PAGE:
• $\begingroup$ Sorry, Michael. Even though I read it three times at least, my eyes skipped over only each time. $\endgroup$
    – cardinal
    May 21, 2012 at 18:02
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For anyone else interested, I used Gaussian Mixture Modeling (GMM) algorithm to determine the means of the two populations and separate them.

Details of the techniques used are explained in the paper linked on this page:

http://www-personal.umich.edu/~ognedin/gmm/gmm_user_guide.pdf

Gnedin, O. (2010). Quantifying bimodality

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  • $\begingroup$ This is an old post - but is it possible to update the link, or add the journal reference? Thanks. $\endgroup$
    – Scot
    May 29, 2021 at 16:57
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    $\begingroup$ @Scot - updated with a new link. It's not in a published journal though but I've provided the author, year, and title incase it goes missing again $\endgroup$
    – Carl
    May 30, 2021 at 12:05
  • $\begingroup$ Thank you so much for updating! $\endgroup$
    – Scot
    May 30, 2021 at 21:30
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You can use the Otsu's method, you can think at your histogram as the histogram of the grey values of pixels in an image.

Then, in computer vision and image processing, Otsu's method, named after Nobuyuki Otsu (大津展之 Ōtsu Nobuyuki)1, is used to automatically perform clustering-based image thresholding, or, and that is your case, the reduction of a graylevel image to a binary image.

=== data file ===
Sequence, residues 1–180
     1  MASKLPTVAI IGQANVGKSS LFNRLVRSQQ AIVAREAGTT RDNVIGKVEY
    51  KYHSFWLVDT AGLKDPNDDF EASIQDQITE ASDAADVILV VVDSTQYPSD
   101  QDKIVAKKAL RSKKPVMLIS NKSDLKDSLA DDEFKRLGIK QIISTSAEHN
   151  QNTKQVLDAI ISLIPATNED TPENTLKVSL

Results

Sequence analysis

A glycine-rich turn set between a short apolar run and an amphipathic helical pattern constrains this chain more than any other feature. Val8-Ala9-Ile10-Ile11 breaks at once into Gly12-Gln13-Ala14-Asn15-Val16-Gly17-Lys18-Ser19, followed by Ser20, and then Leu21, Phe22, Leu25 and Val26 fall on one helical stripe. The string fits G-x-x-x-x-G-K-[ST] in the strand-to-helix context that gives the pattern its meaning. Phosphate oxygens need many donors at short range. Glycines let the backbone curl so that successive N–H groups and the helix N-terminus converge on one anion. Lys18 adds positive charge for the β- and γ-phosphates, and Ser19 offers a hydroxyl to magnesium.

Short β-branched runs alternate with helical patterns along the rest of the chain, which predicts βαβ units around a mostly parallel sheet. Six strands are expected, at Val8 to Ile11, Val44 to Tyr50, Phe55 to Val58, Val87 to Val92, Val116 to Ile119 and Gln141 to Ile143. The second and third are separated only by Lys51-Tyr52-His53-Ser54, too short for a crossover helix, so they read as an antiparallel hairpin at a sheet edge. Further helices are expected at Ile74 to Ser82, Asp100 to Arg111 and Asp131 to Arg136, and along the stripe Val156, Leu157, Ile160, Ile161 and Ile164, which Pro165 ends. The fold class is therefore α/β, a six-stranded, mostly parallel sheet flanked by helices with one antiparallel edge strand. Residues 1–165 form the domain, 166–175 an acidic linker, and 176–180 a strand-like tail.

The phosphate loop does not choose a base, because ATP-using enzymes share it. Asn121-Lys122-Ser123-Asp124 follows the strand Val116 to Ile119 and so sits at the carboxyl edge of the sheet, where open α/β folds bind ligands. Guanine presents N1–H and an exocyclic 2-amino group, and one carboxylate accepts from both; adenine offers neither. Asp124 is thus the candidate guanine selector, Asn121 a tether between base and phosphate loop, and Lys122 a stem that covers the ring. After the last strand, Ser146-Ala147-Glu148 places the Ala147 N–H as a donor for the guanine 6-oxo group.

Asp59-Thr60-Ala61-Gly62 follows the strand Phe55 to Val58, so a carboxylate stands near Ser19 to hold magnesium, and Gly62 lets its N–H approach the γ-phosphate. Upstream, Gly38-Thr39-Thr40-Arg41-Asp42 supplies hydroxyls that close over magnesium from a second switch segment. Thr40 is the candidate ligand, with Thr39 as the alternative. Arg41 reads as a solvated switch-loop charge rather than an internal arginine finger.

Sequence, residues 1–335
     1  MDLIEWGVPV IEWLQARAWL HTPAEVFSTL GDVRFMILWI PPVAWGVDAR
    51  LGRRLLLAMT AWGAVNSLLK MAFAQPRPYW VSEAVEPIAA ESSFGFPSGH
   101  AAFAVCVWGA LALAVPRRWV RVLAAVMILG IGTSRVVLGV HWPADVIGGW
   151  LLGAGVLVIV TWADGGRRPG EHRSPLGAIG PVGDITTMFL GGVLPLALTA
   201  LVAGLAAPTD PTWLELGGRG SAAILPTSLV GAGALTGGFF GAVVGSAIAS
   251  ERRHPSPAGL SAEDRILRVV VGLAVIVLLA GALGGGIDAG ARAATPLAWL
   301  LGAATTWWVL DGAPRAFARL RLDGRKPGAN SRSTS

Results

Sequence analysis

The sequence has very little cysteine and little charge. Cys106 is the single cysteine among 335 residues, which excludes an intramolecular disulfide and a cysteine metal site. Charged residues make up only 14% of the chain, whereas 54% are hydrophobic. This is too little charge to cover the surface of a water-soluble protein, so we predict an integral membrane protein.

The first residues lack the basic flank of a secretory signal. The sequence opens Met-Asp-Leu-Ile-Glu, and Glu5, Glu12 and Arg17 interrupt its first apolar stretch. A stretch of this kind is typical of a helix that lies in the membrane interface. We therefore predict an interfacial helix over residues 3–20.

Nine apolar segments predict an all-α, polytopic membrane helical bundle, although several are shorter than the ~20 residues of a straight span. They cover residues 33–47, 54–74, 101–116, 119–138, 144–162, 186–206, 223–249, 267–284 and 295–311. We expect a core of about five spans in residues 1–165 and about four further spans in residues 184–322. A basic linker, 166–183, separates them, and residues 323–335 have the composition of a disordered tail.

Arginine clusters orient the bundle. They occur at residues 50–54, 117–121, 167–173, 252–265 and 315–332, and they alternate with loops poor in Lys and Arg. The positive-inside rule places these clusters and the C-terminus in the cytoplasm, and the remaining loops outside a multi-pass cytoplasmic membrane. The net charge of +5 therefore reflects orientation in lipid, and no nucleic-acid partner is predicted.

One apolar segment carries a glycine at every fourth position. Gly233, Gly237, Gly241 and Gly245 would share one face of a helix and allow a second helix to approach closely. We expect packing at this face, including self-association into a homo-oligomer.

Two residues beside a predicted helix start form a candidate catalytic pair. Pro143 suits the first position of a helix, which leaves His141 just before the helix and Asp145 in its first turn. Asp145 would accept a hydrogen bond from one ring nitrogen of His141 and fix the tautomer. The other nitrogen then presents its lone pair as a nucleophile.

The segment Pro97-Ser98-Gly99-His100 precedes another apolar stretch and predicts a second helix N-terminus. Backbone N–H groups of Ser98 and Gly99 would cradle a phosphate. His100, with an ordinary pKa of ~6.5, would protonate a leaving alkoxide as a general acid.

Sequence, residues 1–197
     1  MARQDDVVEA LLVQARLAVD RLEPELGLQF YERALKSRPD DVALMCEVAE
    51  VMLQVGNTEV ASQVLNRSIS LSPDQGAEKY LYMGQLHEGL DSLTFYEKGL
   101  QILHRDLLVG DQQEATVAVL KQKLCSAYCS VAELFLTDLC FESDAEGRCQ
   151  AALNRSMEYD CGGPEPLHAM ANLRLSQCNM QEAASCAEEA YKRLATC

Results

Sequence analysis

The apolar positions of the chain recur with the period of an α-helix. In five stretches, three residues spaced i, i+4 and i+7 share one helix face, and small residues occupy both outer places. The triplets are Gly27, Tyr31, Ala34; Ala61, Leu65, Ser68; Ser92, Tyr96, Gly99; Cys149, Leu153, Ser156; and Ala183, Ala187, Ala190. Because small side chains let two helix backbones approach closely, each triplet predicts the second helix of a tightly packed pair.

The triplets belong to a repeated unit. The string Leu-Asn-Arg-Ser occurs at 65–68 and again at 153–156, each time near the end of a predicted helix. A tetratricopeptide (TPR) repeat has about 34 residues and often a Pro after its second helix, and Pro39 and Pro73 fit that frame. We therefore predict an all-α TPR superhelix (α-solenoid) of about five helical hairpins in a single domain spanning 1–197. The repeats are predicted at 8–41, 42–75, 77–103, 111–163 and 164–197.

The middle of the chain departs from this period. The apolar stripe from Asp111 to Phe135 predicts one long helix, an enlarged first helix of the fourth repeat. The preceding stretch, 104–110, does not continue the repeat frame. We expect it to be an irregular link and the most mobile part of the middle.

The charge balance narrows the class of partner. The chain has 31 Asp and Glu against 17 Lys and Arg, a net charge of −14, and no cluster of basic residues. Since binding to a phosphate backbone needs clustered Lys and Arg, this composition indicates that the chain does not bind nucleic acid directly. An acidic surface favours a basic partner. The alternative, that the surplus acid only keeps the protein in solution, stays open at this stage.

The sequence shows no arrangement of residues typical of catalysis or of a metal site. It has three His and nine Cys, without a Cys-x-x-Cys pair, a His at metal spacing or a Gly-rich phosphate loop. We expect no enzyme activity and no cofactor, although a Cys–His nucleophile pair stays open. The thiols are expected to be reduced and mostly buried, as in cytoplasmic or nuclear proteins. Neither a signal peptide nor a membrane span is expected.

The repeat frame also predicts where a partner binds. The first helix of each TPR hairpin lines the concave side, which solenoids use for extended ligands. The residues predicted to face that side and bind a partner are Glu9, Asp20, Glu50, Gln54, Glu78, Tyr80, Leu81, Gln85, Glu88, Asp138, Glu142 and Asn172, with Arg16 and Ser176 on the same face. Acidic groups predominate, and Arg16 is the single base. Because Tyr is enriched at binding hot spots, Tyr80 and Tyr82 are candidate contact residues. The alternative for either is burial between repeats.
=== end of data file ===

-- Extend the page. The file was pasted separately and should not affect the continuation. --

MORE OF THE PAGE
The algorithm assumes that the image contains two classes of pixels following bi-modal histogram (foreground pixels and background pixels), it then calculates the optimum threshold separating the two classes so that their combined spread (intra-class variance) is minimal, or equivalently (because the sum of pairwise squared distances is constant), so that their inter-class variance is maximal.


1Otsu, Nobuyuki. "A threshold selection method from gray-level histograms." IEEE transactions on systems, man, and cybernetics 9.1 (1979): 62-66.

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You can use the check to "normality" (there are many packages): The algorithm is simple: split var into bins. count the number of observations and the expected, take the difference, standardize by expected. The bin in which we have the min of standardized res - will contain the desired optimal threshold for dichotomisation! (2 bins with max stdRes= modes of yours 2 distributions ;-). Don't fogot play with (try) differrent bin numbers! Next you try to clarify within this interval via model selection (KLIC/CAIC/BIC/etc).